So there I was — in deep denial. Maybe you’ve been there: Ignoring the symptoms. Hoping and praying that it would just “go away.”
A little knowledge is a dangerous thing. And as a doctor, I like to think I can Google with the best of them.
So when I had a persistent scary symptom (full disclosure: it was bloody discharge from my left breast. Not subtle. Not intermittent. Not OK, even a little), I finally bit the bullet.
I called my friend and world-renowned breast cancer surgeon, Joe. I’d known Joe for years. I interviewed him for my book on burnout and scrubbed alongside him in the O.R.
Of course, like all good doctor offices, his secretary was a wall. She insisted I make an appointment like a regular person. I understood. But when she suggested I see Joe after his upcoming vacation, I panicked. I pulled my doctor card. And she relented.
Two days later, I was driving over in crazy, lunch-time traffic, from my office to his. I hadn’t told my husband, my sister or my mom. So that should tell you how freaked I was — very.
As I drove along the interstate, I could feel my heart racing. I told myself, “I’m not ready to be done with my life. I have so much more to do.” I started going a bit cray-cray. Can you blame me?
I knew I was out of control. And beyond the fear of breast cancer, there emerged the next biggest fear: what if I did have breast cancer, but I was so over-the-top wacky that Joe decided he didn’t want to be my doctor? He could easily say we were too close, and refer me elsewhere. Now, that would really be awful.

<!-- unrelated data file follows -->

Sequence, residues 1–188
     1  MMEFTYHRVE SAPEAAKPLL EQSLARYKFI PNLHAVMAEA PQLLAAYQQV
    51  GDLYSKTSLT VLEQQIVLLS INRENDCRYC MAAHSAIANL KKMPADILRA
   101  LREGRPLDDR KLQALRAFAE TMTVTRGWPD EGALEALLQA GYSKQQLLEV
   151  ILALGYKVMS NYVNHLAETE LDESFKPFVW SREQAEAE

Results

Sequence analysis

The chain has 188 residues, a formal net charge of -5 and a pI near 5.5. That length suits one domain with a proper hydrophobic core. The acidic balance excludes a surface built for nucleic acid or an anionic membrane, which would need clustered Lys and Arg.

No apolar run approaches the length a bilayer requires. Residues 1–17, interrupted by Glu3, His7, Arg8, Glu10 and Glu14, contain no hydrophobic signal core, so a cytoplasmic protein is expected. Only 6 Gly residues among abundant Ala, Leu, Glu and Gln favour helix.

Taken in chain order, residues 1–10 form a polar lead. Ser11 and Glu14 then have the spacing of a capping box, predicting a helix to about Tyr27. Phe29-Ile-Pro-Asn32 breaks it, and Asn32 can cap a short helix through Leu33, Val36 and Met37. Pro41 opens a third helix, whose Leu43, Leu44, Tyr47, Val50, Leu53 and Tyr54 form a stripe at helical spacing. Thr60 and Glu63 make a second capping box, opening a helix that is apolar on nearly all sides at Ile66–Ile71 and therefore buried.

So, picture me, zooming down the highway, exceeding the speed limit just a little, dodging cars and planning my surgery, the chemo, the whole nine yards. I knew if I didn’t get it together, Joe would fire me as a patient.
Then — it hit me.
I decided that every time I saw a red car on the interstate, going in either direction, I would take a deep breath. I had three red cars in my vision at that moment, and I slowly and deliberately took a deep breath in and out. And again. And a third time.
I realized, in those seven seconds, that I had barely been breathing during my race to see Joe.
I felt a little better. Calmer? I couldn’t be sure, but it wasn’t worse.
So I kept looking for red cars. And, sure enough, over the next ten miles, red cars popped up everywhere. As I pulled into the parking garage to Joe’s office, there were – no kidding — FOUR red cars in a row. I tried to breathe in and out four times, and I had to laugh so I wouldn’t hyperventilate. OK, Universe. I got it. And I went into Joe’s office a calmer.
A world of difference
Since that day, I’ve used the “red car trick” often. It keeps me centered when I’m heading for the office or the operating room, when I’m late for a meeting, or when I just have a lot on my mind. Those seven seconds can make the world of difference and even substitute for my morning meditation when time is short.
Starla Fitch is an ophthalmologist, speaker, and personal coach. She blogs at Love Medicine Again and is the author of Remedy for Burnout: 7 Prescriptions Doctors Use to Find Meaning in Medicine. She can also be reached on Twitter @StarlaFitchMD.
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